Microbial symbionts associated with bryophytes of Arctic peatlands and their relevance for the carbon and nitrogen cycle

Funding:„Impuls- und Vernetzungsfonds“ of the Helmholtz Association University of Tromsø

Status: current (2013 - 2018)


Prof. Dr. Mette Marianne Svenning, Institute of Arctic and Marine Biology, Arctic University of Norway, Tromsø

Dr. Alexander Tøsdal Tveit, Institute of Arctic and Marine Biology, Arctic University of Norway, Tromsø

Dr. Christian Knoblauch, Institute for soile science, Universität Hamburg

Natural peatlands, which are some of the earth’s most important carbon sinks and water reservoirs, are under threat today. In the northern latitudes this is due mainly to nitrogen inputs and rising temperatures; in temperate zones it is due mainly to drainage and conversion for agricultural use. The Helmholtz International Research Group ArcBiont – a cooperation between the German Research Center for Geosciences (GFZ) and the Arctic University of Norway –conducts research on various types of peatlands, including brown moss and Sphagnum peatlands in the high Arctic, Arctic and sub-Arctic as well as in Müritz National Park, a central research area within TERENO’s Northeastern German Lowland observatory. Based on molecular techniques such as high-throughput sequencing and statistics ArcBiont specifically looks at the biogeography of moss associated microbial communities and on their function along the succession of natural peatland.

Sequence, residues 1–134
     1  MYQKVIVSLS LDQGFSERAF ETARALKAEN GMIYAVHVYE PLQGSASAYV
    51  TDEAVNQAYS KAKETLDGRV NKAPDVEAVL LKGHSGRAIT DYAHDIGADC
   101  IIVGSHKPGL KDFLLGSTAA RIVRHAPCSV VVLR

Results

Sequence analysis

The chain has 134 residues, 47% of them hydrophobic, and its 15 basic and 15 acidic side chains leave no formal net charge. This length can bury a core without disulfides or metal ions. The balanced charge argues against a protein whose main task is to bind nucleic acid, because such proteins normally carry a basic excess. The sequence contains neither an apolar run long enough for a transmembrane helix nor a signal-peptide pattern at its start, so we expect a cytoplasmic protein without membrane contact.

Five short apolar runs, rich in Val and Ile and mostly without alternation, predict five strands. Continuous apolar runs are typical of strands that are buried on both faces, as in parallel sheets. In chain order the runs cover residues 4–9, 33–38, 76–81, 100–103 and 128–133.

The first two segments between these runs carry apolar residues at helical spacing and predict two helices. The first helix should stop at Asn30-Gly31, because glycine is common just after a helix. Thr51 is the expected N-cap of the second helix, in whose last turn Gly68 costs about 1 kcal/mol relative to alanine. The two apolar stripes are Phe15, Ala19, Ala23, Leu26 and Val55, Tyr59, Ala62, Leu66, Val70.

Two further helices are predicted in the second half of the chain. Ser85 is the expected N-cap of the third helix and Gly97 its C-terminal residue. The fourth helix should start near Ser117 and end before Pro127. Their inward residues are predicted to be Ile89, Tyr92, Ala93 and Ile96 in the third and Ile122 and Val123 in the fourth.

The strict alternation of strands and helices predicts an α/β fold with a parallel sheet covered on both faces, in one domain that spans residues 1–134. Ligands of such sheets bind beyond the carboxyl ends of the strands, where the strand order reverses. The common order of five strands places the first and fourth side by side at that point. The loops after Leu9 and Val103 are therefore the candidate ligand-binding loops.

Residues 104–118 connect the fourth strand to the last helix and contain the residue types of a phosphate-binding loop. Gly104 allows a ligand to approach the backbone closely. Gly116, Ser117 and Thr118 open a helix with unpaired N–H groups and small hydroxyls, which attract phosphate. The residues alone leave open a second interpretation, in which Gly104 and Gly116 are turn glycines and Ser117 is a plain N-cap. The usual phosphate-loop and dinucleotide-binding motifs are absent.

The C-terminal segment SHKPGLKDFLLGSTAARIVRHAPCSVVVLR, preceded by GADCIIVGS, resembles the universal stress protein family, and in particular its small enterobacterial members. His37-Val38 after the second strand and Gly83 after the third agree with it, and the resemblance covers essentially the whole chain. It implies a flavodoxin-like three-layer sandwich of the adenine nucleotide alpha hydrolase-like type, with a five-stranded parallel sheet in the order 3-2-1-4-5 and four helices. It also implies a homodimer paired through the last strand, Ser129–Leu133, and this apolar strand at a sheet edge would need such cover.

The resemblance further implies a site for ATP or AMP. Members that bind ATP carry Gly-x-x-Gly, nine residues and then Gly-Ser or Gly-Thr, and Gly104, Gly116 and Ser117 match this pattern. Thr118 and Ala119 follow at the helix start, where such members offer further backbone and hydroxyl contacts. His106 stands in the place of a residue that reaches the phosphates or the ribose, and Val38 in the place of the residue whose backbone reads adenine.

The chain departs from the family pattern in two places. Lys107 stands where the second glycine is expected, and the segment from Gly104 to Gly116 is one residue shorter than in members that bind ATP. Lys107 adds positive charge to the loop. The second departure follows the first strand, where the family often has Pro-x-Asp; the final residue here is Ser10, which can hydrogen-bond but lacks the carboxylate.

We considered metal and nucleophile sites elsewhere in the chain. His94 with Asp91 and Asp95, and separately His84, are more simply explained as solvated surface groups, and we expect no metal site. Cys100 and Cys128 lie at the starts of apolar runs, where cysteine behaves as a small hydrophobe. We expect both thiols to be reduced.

Susanne Liebner
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Jun. Prof. Dr. Susanne Liebner
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Andrea Kiss
PhD Student
Dipl.-Biol. Andrea Kiss
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